A nonprofit group developing tools to get around Chinese online censorship says the Chinese government is behind a recent attack that sent a flood of traffic to its site and services. China is effectively using the national firewall in place to censor the Internet for Chinese residents to weaponize the browsers of millions of global Internet users, according to GreatFire.
It has been a little while since we heard anything from the Syrian Electronic Army, but now the group has made an appearance once again. SEA has hacked five big-name hosting companies -- Bluehost, Justhost, Hostgator, Hostmonster and FastDomain -- all part of the Endurance International Group.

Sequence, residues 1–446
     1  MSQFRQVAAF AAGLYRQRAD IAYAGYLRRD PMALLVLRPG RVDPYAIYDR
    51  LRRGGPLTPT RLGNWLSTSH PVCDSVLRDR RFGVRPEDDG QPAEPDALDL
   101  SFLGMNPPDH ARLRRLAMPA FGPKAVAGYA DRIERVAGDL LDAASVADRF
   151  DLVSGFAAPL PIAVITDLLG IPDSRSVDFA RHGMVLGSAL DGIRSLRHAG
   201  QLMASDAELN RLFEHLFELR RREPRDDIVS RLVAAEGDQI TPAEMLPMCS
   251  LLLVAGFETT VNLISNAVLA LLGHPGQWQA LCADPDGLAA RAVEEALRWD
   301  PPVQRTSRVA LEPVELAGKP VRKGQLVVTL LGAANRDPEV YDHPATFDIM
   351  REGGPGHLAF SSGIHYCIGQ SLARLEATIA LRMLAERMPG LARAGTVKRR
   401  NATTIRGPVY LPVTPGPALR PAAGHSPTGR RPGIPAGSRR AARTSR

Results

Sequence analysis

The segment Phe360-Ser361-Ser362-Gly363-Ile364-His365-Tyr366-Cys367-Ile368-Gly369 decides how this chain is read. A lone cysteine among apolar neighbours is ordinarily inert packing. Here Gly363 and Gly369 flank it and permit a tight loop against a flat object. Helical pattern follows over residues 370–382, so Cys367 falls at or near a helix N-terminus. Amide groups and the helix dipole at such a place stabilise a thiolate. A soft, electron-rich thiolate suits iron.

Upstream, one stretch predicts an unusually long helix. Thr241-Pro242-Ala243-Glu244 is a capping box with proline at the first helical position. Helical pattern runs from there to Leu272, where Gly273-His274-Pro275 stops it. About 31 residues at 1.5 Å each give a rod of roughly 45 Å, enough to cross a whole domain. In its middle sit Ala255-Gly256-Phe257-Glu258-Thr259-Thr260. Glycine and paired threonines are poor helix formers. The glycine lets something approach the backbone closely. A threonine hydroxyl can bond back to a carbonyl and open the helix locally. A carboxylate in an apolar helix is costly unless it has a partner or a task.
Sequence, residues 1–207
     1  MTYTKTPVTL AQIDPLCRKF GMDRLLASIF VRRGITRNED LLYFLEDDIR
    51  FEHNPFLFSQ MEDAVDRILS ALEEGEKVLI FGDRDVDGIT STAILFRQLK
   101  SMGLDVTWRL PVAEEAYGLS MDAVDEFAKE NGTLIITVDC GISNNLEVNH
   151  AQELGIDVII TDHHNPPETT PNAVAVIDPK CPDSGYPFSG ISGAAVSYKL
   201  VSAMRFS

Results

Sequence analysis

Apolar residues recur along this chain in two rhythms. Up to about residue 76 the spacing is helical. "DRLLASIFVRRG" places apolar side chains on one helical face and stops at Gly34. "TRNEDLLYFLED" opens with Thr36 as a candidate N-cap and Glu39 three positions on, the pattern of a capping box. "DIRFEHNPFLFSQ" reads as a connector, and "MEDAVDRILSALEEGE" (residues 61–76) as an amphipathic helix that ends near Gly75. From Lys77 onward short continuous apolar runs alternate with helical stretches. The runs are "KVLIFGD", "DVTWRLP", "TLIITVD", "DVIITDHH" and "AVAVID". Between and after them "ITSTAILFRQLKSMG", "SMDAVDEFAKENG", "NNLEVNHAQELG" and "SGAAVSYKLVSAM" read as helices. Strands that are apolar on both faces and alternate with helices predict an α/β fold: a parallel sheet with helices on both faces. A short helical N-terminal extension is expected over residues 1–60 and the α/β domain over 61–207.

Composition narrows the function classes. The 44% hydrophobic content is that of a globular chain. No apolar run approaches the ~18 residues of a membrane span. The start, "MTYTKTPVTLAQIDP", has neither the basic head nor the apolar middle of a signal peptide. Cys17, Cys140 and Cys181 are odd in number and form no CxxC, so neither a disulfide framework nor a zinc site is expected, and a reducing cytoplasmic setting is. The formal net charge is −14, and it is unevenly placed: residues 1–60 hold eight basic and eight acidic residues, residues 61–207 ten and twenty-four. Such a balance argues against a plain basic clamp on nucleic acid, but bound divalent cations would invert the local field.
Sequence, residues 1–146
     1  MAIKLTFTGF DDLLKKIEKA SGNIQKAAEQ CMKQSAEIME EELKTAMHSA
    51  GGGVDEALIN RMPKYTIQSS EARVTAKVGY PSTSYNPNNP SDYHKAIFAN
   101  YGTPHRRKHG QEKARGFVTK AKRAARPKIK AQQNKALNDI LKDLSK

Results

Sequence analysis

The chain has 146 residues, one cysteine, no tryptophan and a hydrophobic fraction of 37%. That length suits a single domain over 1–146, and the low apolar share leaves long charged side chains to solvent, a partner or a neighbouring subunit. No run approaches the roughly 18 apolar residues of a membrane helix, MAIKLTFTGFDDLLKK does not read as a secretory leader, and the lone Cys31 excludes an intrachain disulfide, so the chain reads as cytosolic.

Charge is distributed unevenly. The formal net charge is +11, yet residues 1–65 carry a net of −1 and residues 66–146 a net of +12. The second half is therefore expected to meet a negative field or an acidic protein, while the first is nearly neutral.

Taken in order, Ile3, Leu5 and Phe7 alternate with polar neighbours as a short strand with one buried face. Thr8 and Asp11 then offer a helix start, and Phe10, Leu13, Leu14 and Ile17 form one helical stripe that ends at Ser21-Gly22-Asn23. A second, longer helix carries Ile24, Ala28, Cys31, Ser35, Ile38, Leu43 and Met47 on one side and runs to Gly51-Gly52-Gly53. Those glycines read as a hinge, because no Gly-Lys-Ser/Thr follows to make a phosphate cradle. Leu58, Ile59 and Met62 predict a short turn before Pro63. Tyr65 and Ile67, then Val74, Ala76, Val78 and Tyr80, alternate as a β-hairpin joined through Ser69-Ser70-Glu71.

With the GitHub distributed denial-of-service (DDoS) attack nearing its fifth day of bombardment, the code-sharing upstart said it is holding up well under fire.
The site said as of Monday afternoon, Pacific Time, it is still operating at 100 per cent, despite a continuing flow of malicious traffic to its servers. GitHub said the attack "has evolved," but wouldn't provide any further information.
One of Europe’s top police investigators has told the BBC that encrypted communications are the biggest problem in tackling terrorism across the globe. Europol director Rob Wainwright, speaking to the 5 Live Investigates program, said secure messaging apps and “dark net” platforms were enabling criminals and terrorists to escape detection.
One dollar may not get you much these days, but it could buy you a stolen password to an Uber account and free car rides around town.
Vendors on dark net sites such as AlphaBay, which often sell illegal products like drugs and counterfeit goods, are offering active Uber username and login details for $1, according to Motherboard. Other information that comes with the purchase includes partial credit card data and telephone numbers.